Death from MDPV-associated excited delirium
February 11, 2012, 5:05 pm
Death Following Recreational Use of Designer Drug “Bath Salts” Containing 3,4,-Methylenedioxypyrovalerone (MDPV). Murray BL et al. J Med Toxicol 2012 Jan 20 [Epub ahead of print}
This very interesting case report describes a 40-year-old male who developed excited delirium syndrome after snorting and injecting a “bath salt” product later found to contain the synthetic cathinone MDPV, as well as trimethoprim. As Takeuchi et al point out in their superb review of the topic, excited delirium presents with a typical sequence of events:
[Excited delirium] describe[s] almost the exact same sequence of events: delirium with agitation (fear, panic, shouting, violence and hyperactivity), sudden cessation of struggle, respiratory arrest and death. In the majority of cases unexpected strength and signs of hyperthermia are described as well.
Most cases of excited delirium follow use of stimulant drugs such as MDMA, cocaine and methamphetamine.
In the case reported here, the patient presented initially with a rectal temperature of 105.4oF and hyperkalemia (K = 7.4 mmol/L). It is obvious from the description that his presentation overwhelmed the initial hospital. After surviving a cardiac arrest, he was transferred to a tertiary hospital but suffered severe hypoxic encephalopathy and was declared brain dead 2 days after his initial presentation.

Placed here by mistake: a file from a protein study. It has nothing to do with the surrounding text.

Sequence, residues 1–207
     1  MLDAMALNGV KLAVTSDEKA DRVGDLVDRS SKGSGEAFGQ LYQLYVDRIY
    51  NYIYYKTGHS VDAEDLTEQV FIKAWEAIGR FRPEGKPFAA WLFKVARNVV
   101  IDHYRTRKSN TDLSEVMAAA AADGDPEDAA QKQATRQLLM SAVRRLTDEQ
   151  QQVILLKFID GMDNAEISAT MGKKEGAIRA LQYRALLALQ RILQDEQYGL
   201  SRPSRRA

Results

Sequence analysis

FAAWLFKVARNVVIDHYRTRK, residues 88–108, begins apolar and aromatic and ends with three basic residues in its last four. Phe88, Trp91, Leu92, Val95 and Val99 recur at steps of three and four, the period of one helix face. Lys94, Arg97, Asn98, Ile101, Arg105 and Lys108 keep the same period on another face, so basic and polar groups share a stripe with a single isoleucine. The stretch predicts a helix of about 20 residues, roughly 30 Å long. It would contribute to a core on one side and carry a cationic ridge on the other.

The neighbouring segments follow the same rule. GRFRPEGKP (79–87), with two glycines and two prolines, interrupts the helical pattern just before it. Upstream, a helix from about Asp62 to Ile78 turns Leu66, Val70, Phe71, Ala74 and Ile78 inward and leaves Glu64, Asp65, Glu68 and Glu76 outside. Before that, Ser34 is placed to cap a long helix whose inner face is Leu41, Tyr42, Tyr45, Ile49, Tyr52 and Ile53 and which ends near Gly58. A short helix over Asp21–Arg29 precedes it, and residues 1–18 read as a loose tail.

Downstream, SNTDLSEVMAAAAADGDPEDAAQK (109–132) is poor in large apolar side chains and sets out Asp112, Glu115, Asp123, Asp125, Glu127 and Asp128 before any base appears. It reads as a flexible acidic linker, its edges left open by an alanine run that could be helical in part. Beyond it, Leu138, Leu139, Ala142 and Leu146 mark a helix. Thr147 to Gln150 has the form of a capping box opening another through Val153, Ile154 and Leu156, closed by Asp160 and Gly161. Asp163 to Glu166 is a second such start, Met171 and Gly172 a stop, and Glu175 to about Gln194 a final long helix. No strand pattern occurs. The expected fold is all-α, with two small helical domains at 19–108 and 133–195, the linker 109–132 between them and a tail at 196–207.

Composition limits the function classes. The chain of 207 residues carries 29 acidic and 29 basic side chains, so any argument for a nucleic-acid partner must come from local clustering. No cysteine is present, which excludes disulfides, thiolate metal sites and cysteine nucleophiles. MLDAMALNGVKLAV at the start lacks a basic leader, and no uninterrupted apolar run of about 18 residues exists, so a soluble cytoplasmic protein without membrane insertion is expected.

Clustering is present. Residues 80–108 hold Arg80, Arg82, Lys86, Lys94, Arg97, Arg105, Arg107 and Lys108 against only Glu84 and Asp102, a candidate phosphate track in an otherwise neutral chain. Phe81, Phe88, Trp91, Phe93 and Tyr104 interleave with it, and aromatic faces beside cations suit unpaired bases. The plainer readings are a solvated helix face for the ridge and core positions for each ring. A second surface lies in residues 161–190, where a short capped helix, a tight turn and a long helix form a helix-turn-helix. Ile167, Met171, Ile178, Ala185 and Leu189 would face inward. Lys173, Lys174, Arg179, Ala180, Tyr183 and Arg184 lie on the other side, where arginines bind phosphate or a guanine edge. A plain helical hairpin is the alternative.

Some take-home lessons from this case:
- It is essential to get control of these patients immediately, using physical restraints if necessary but switching as soon as possible. (The Takeuchi article has a good discussion of chemical restraint options in these patients.)
- In excited delirium, anticipate hyperthermia, rhabdomyolysis, renal failure, hyperkalemia, metabolic acidosis, coagulapathy, and sudden deterioration.
- When a patient with excited delirium “gives up” and stops struggling before chemical restraints have been instituted, expect rapid onset of respiratory and cardiac arrest.
This clip from the TV series “Washington’s Most Wanted” shows several dramatic episodes of excited delirium, and describes Seattle’s procedure of responding to these events with both police and medical personnel:
Life in the Fast Lane has an excellent discussion of excited delirium. EMCrit podcast has a episode on how to take down a violent, agitated delirium patient. The show notes for that episode link to the following video on the proper safe way to apply physical restraints — always a stopgap measure until chemical restraint can be accomplished: